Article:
02 September 2013

International criminal courts and tribunals work with unclear legal theory

war crimes

The daunting task of international criminal courts and tribunals to adjudicate core international crimes such as genocide, war crimes and crimes against humanity is complicated by uncertainty in the interpretation of legal theory in international criminal law. Historically, a relatively young discipline of international criminal law has been viewed as a melting pot of legal traditions which stem from common and continental law jurisdictions. For that reason, it is of particular importance to clarify how legal norms which were inspired by national legal traditions shall be adjusted for the purposes of international criminal law, concludes Iryna Marchuk, an associate professor in criminal law at the University of Copenhagen, in a newly published book.

International criminal courts have been recently criticised for the change in their legal practice. The debate has been sparked by acquittals of a few high profile persons charged with war crimes and crimes against humanity. According to Iryna Marchuk, main reasons that led to such acquittals are inherent weaknesses in the international criminal law theory and its application.

ICC building in The Hague.

The ICC building in The Hague. Copyright credit: Jerry Lampen

“The interfusion of national criminal theory into international criminal courts has inadvertently created confusion as to the understanding of major substantive law concepts, which were ‘brought along’ from national jurisdictions, rather than carefully filtered to meet the needs of international criminal law,” says Iryna Marchuk.

It is problematic that the understanding of what constitutes ‘crime’ in international criminal law is still at the heart of debate. In contrast to perpetrators of domestic crimes, high-ranking military and political leaders charged with international crimes are rarely physically present at the scenes of actual crimes. This, however, does not mean that they are less culpable or they do not have ‘blood on their hands’. Most of them commit crimes through the state apparatus, army or rebel groups. In order to demonstrate guilt of such perpetrators, it is necessary to prove they were ‘masterminds’ of international crimes and intended those crimes to be committed.

Proving guilt of ‘masterminds’ of international crimes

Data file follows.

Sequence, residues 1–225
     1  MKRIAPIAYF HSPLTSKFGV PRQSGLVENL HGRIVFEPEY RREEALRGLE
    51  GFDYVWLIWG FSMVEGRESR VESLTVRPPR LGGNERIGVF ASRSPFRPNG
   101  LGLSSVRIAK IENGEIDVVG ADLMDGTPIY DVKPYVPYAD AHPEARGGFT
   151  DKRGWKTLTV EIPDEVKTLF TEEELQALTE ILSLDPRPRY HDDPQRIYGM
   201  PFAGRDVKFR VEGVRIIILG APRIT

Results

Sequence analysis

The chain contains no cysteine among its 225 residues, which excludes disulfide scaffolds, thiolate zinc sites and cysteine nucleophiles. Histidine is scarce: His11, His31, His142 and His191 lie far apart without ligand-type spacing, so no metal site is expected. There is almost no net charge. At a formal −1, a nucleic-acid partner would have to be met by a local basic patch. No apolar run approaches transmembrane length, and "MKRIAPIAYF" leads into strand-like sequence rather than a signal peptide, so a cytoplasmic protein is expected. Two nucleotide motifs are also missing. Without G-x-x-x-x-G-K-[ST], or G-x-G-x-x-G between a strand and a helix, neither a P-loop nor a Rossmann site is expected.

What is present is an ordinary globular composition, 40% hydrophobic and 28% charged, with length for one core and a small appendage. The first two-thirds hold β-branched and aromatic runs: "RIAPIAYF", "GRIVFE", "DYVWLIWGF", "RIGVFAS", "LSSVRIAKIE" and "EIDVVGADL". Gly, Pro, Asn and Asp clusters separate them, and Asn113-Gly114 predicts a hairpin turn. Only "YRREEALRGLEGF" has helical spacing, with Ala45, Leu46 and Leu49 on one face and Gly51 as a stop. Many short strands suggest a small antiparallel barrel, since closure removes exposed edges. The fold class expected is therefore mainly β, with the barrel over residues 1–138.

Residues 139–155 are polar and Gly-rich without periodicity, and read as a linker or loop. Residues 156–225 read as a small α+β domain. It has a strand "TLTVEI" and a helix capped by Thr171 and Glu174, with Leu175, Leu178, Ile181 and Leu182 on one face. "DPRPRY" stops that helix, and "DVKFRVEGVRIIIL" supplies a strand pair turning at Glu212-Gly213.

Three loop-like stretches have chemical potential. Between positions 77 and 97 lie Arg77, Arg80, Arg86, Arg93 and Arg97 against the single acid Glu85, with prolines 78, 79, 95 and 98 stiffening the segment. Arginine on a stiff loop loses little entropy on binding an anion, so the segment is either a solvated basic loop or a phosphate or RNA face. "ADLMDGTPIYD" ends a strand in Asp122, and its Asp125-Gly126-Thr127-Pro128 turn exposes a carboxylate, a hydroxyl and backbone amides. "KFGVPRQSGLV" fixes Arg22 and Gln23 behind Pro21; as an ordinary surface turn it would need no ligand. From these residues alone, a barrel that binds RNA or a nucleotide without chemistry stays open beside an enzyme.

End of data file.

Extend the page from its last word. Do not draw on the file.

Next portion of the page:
The cornerstone of criminal law, regardless of whether national or international, is the principle of culpability, which requires the state of guilty mind on the part of perpetrator.  The proof of guilty mind or mens rea, speaking in strictly legal terms, is one of the most challenging tasks to be undertaken by the prosecutorial divisions of international criminal courts.  Drawing on a number of selected common law (UK and USA) and continental law jurisdictions (Germany, France, Russia and Denmark), Iryna Marchuk examines a number of problematic theoretical concepts in her newly published book, such as mens rea, modes of liability, defences in international criminal law through the lens of comparative law. This has enabled Iryna Marchuk to infer general principles in establishing criminal responsibility that exist in a number of national jurisdictions, which could serve as a firm basis for developing the theory of international criminal law.

Theoretical weaknesses of international criminal law

Fatou Bensouda

Chief prosecutor of the ICC, Fatou Bensouda. copyright credit: Estonian Foreign Ministry

The difference in the opinions as to the construal of major fundamental concepts, such as mens rea and modes of liability, has been greatly affected by the diverse geographical composition of legal practitioners (judges, prosecutors, defence counsels) who reinforce their national perceptions of law in international criminal courts.

Iryna Marchuk emphasises the importance of working out precise theoretical concepts which form the foundation of international criminal law in order to secure convictions based on the strict adherence to the principle of culpability.

“This can only be done by seeking inspiration in general principles of law across a number of national jurisdictions and fine-tuning them for the purposes of international criminal law. In doing so, it will be less likely that top political and military leadership guilty of the most serious crimes will get away with impunity,” Iryna Marchuk concludes.


Associate professor Iryna Marchuk
Phone: +45 3532 3330

Communication officer Lise Steen Nielsen
Phone : +45 2132 8005